And unity around what exactly? Too many in the West refuse to unite behind the most basic moral clarity about Islamic terrorism. This week, of all weeks, our public broadcaster made light of Islamic terrorism, invited on to its television shows commentators who mocked terrorism and who told us not to jump to conclusions about terrorism. The ABC’s own journalists struggle to mention the Islam element. Our politicians talk about terrorists as marginalised and vulnerable, as if we are to blame for the murders of young children in Manchester. Keep calm about these useful idiots? Not a chance.
In Riyadh this week, US President Donald Trump reminded more than 50 Arab Muslim leaders that “the nations of the Middle East cannot wait for American power to crush this enemy for them … A better future is only possible if your nations drive out the terrorists and extremists.”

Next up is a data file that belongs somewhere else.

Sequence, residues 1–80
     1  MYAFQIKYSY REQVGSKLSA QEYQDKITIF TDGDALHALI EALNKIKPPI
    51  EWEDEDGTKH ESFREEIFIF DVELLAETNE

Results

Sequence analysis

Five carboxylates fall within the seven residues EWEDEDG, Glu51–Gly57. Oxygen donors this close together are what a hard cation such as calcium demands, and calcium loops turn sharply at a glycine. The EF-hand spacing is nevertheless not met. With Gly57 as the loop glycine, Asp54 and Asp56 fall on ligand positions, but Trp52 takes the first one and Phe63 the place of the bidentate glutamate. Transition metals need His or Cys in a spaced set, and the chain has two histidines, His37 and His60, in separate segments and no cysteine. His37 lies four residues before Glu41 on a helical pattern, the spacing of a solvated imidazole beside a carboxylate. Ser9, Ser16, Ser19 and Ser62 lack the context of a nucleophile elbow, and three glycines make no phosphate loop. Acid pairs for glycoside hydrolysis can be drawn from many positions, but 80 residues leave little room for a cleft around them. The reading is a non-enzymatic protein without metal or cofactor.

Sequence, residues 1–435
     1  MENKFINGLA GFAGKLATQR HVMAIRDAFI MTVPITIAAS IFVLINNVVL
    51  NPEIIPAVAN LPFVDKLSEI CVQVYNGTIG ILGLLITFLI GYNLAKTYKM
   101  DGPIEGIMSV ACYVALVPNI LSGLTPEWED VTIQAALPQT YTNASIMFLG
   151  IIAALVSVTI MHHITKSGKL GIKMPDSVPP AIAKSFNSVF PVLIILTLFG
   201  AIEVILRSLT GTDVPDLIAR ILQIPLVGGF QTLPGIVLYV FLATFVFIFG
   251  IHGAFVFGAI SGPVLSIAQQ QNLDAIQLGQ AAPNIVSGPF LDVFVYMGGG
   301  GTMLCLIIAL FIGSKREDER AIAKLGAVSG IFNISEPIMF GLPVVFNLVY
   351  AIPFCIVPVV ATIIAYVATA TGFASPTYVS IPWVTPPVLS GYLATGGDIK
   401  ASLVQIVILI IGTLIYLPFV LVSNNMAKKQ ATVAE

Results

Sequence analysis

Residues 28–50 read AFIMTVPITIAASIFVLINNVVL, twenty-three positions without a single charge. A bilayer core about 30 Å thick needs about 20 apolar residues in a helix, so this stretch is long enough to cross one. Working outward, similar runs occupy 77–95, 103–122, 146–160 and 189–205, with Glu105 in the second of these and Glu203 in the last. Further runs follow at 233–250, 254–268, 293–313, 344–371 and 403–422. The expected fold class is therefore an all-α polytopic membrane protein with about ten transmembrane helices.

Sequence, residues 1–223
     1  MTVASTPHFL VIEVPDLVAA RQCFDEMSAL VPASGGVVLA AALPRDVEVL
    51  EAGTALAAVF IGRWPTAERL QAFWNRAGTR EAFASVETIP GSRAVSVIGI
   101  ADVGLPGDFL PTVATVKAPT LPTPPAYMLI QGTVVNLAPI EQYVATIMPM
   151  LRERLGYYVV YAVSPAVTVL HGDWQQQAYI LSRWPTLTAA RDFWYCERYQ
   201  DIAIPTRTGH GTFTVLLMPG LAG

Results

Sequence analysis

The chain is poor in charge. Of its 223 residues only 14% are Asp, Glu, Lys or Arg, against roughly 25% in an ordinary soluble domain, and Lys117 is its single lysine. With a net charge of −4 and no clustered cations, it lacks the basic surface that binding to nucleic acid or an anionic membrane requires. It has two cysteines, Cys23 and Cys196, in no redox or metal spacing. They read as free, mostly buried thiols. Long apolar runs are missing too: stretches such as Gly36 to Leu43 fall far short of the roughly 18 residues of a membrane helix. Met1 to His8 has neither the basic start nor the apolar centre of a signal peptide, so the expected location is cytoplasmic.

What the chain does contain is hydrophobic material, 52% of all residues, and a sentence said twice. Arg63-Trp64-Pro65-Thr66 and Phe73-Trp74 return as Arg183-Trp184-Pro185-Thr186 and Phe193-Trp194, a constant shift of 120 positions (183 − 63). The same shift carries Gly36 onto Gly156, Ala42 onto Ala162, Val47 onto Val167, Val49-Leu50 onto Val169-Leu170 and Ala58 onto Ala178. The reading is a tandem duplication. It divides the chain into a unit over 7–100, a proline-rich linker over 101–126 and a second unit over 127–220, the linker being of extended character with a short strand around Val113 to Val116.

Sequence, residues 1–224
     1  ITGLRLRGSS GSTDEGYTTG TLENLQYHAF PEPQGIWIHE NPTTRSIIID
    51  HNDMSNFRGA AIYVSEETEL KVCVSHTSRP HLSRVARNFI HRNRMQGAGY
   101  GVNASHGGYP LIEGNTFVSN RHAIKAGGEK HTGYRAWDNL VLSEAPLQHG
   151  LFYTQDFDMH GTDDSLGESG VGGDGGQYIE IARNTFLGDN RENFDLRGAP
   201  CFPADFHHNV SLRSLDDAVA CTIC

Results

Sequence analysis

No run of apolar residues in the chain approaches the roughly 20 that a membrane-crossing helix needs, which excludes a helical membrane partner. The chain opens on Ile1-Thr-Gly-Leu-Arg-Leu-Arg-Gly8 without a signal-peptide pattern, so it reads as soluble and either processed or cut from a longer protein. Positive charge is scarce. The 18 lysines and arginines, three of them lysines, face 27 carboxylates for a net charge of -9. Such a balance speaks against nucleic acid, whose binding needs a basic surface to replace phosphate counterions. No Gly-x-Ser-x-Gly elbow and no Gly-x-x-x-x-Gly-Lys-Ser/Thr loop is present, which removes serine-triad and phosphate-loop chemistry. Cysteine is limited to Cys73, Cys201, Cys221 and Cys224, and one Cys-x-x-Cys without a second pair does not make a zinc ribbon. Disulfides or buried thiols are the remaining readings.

“Drive. Them. Out,” he said. “Drive them out of your places of worship. Drive them out of your communities. Drive them out of your holy land and drive them out of this earth.”
Trump offered up the kind of moral clarity that drove the West to defeat Nazis and Soviet communists. What has happened to us in the interim? Paralysed by political correctness, we walk on eggshells so as not to offend. Ask hard questions about immigration? You’re a racist. Talk about Islam and terrorism? You’re an Islamophobe. Keep calm and stay quiet? Not any more. It’s time to get angry.